Here is the Flynn guilty plea. Flynn's supposed "crimes": (1) On December 29, 2016 (when working on the Trump transition) Flynn asked the Russian ambassador not to escalate things in response to sanctions imposed by the Obama administration that day; but when asked about that by the FBI, Flynn denied he had made that request on that day; and (2) On December 22, 2016, Flynn asked the Russian ambassador to delay or defeat a pending UN resolution; but when asked about that by the FBI, Flynn denied it. That's it. Obviously neither of the underlying conversations that Flynn is accused of having constituted a crime in any way, and indeed they were a core part of his job on the transition. Nothing in the plea agreement mentions how inquiring about conversations with the ambassador that took place after the election is even a legitimate part of the Mueller investigation.
So how does the FBI come to know that Flynn did in fact ask Kislyak on December 29 not to escalate things in response to the new sanctions? Obviously, they (with the assistance of the NSA) have recorded all conversations involving Kislyak, and have had a transcript prepared. But is it a legitimate part of an "investigation" to put someone like Flynn to a memory test of every statement he may have made in a particular meeting, when they already have a transcript of the meeting? It isn't. This is about one and only one thing, which is coming up with something that can be characterized as a "lie" so that they can nail Flynn under 28 U.S.C. 1001 if they feel like it. You got a few details wrong about some conversations that were themselves completely non-criminal and non-controversial and that seem completely peripheral to the investigation? Too bad -- jail for you!
How about Papadopoulos? Again, the whole thing is supposedly about "lies" to the FBI. I won't go into full detail, but some examples: Papadopoulos said a meeting with a Russian contact was before he joined the Trump campaign, but in fact it was after (a question of a few days one way or the other); Papadopoulos said that a professor he met with was "just a guy talk[ing] up connections or something," when in fact the guy had a real link to the Kremlin; Papadopoulos tried to use the connection of this guy to set up a meeting with Kremlin officials. Oh, by the way, the meeting Papadopoulos was trying to set up never took place! So did the guy have serious links to the Kremlin or no? Doesn't matter -- Papadopoulos is guilty!
On to Manafort. The Manafort/Gates indictment is here. Both are charged with the same counts. If you look at it, on first take you might think there is something more to it than the usual Section 1001 charges that appear here as counts 11 and 12 of a 12 count document. Don't be so sure. The core of the rest of it is failure to register as a lobbyist for foreign interests, a supposed crime that probably half of the swamp creatures in Washington are violating on a daily basis and nobody ever gets prosecuted for. (From Politico, October 30, 2017: "The real news in the indictment of Paul Manafort on charges of laundering and failing to register as a foreign agent is that someone has actually been prosecuted under a foreign lobbying law that has existed for decades but has almost never been enforced.") Then there is the "money laundering" count. That just means you got paid for something that is a crime, namely the unregistered lobbying. Then there's failure to file forms about foreign bank accounts. All of this of course taking place well before any involvement of Manafort and Gates in the Trump campaign. Really? A team of sixteen top prosecutors and an unlimited budget and this is what they've got? If they put that team of prosecutors on you, they could easily come up with a list of "crimes" at least as serious. Thus, you can well understand the perceived need to manufacture a new crime or two. Enter 18 U.S.C. 1001.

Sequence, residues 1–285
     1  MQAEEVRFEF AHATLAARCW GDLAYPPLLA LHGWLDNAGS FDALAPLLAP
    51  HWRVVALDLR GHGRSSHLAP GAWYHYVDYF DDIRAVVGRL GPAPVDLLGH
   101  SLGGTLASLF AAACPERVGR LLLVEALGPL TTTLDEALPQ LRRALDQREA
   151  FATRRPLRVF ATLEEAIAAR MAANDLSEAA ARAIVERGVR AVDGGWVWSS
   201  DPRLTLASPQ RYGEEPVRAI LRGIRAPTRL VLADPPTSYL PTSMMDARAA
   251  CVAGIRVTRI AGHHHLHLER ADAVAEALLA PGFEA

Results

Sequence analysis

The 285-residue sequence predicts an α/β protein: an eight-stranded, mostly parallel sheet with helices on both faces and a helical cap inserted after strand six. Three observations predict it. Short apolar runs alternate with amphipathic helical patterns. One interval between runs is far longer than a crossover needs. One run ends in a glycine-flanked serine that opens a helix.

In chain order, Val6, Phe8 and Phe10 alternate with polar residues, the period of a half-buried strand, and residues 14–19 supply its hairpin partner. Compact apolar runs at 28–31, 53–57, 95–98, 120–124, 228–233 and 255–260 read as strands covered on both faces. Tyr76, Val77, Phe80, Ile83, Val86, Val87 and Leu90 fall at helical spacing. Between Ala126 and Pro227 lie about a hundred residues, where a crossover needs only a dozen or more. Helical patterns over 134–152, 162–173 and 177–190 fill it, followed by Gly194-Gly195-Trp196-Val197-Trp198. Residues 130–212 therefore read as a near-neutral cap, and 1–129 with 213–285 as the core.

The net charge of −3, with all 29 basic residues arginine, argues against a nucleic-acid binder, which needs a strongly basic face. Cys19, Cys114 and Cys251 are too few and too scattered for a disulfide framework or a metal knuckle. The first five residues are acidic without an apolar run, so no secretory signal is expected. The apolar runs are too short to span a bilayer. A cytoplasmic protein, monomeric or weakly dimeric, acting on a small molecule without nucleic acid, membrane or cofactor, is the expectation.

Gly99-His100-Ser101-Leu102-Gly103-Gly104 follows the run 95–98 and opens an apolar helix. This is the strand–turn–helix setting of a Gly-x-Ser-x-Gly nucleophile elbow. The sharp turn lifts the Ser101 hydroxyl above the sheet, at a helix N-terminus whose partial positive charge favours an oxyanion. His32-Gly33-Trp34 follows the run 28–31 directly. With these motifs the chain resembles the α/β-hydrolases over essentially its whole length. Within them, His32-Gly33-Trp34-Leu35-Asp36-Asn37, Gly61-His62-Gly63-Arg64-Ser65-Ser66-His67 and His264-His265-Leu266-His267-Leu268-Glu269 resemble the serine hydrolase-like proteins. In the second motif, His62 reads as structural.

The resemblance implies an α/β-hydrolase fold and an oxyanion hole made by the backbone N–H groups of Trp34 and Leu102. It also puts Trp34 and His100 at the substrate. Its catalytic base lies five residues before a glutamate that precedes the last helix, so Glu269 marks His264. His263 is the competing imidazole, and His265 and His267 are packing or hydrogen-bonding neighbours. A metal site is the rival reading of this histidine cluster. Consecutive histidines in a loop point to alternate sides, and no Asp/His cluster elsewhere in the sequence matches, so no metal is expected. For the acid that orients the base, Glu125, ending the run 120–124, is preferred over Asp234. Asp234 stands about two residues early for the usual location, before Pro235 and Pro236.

Manafort and his team appear to have sensed the risk at least in part, and came up with a strategy of having their lawyers do the talking to the government. Turns out that that strategy only made things worse. Manafort's lawyers sent letters to the FBI describing circumstances of Manafort's representation of some Ukrainian groups that supported the Russian position. In the Section 1001 counts in the indictment, the government claims that some of the statements in those letters were false. Whereupon the investigators subpoenaed Manafort's lawyer, and demanded that she testify before the grand jury. When she asserted attorney-client privilege, the government said that it did not apply because the communications were in furtherance of a plan to violate 18 U.S.C. Section 1001. The Chief Judge of the DC District Court (Howell) bought the government's argument and compelled the lawyer to testify.
An excellent summary of this situation can be found in this piece by lawyers at the Morvillo Abramowitz firm. As recently as a few decades ago, it was completely unheard-of for prosecutors to subpoena the defense attorney and demand that she testify about the preparation of the defense of the case. But over time, prosecutors have taken more and more to this tactic. The logic of Judge Howell's decision would make subpoenaing the defense lawyer a legitimate and standard tactic in pretty much every case. Hey, there might be something in the communications with the government that is not 1000 percent accurate! The effort to try to avoid Section 1001 problems by having the lawyer do the talking not only doesn't avoid the problems, it now exposes the whole defense strategy to the government's scrutiny, and probably also gets your lawyer disqualified and requires you to start over.
Somehow our Justice Department and FBI think that all of this is perfectly OK. As their fundamental corruption has gotten deeper and deeper, they have completely lost all perspective.
Having read this, what is your take on whether President Trump should agree to be interviewed by Mueller's people?